Tribute to Hamp
Now that vibraphonist Duane Thamm has reached the golden age of 70, he seems to have taken on a Lincolnesque outlook to the occasional bumps in the road to jazz success: "With mallets toward none, with charity toward all." Consider his career as a percussionist, during which he played, recorded and toured with Frank Sinatra, Barbra Streisand, Henry Mancini, Tony Bennett, Ray Brown, Buddy DeFranco, Andy Williams and Gary Burton. He still teaches and has published methods for xylophone, marimba, snare drum, and he's one of a rare breed who can play jazz chimes.
After more than 50 years of all that, Thamm has finally issued his first album as leader! Sadly, the sound is less than ideal. Thamm, with the Chuck Hedges Swingtet (Frank Dawson, guitar; John Bany, bass; Charlie Braugham, drums) devoted the session to his greatest influence, Lionel Hampton. Seven of the eight tracks are fine, straightahead tributes to the blendings of Hamp and Benny Goodman, which makes sense since Hedges is a first-rate clarinetist, and the chemistry between Thamm and Hedges is as close as it was between Hamp and B.G. The sound of jazz on chimes is strictly a novelty; an entire album of same should not be contemplated. But it does show Thamm's versatility. Elsewhere his fluidity is remarkable, as evidenced by the familiar "Seven Come Eleven" and in particular, the contrapuntal exchanges on "Avalon." Why that spontaneous minute and a half of Duke Ellington's "Come Sunday" was included is a mystery. It should have been excised; the changes are questionable.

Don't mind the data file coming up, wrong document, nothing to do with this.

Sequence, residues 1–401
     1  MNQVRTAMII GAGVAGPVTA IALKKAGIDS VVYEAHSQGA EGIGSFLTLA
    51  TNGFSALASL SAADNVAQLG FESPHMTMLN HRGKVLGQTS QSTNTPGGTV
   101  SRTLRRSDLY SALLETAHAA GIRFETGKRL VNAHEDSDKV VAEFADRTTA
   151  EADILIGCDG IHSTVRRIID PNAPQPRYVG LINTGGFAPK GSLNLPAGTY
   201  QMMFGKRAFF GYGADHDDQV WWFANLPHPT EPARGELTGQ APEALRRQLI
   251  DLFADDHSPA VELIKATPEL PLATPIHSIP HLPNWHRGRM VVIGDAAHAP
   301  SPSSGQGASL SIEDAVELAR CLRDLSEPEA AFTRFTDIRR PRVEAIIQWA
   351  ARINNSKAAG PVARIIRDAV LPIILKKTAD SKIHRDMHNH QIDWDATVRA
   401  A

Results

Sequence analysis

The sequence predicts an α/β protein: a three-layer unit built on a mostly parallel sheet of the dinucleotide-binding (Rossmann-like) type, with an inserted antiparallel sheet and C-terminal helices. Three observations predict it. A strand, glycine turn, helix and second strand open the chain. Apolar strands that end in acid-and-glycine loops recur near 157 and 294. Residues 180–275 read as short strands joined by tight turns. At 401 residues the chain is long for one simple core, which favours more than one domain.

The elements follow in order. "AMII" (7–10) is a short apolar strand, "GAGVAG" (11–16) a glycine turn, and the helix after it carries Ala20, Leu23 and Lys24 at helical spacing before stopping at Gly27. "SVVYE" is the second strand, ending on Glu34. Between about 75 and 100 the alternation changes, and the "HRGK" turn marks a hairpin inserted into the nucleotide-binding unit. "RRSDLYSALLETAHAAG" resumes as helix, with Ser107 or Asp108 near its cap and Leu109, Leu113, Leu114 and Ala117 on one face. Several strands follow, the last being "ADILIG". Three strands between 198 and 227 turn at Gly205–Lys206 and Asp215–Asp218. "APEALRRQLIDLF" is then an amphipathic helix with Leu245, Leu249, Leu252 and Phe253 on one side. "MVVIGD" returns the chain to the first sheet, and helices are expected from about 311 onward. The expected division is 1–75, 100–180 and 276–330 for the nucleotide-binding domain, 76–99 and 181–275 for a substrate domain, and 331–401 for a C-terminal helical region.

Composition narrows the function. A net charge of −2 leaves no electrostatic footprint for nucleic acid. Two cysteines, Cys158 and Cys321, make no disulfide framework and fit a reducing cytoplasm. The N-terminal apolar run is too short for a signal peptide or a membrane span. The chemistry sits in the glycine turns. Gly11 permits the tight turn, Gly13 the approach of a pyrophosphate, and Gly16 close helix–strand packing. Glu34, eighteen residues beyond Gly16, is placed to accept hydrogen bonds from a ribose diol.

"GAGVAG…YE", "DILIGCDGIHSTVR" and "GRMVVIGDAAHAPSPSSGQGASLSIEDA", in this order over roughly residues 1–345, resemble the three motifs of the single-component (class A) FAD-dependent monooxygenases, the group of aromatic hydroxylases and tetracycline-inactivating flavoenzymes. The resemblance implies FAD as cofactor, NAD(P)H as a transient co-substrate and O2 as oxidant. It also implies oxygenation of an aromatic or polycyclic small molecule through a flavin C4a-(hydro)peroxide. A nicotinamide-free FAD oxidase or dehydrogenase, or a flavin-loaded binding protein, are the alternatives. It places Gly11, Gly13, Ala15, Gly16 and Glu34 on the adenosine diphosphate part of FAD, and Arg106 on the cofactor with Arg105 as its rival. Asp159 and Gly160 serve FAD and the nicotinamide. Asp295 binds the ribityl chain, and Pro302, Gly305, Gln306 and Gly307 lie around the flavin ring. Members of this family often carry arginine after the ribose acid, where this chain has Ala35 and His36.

Perhaps Thamm is hiding his disappointment because his son, Duane Jr., recorded the concert live at the Washington Library Center, in Chicago. Whatever. Delmark and/or the library should be ashamed for not making certain these fine traditional musicians were given a sound reception.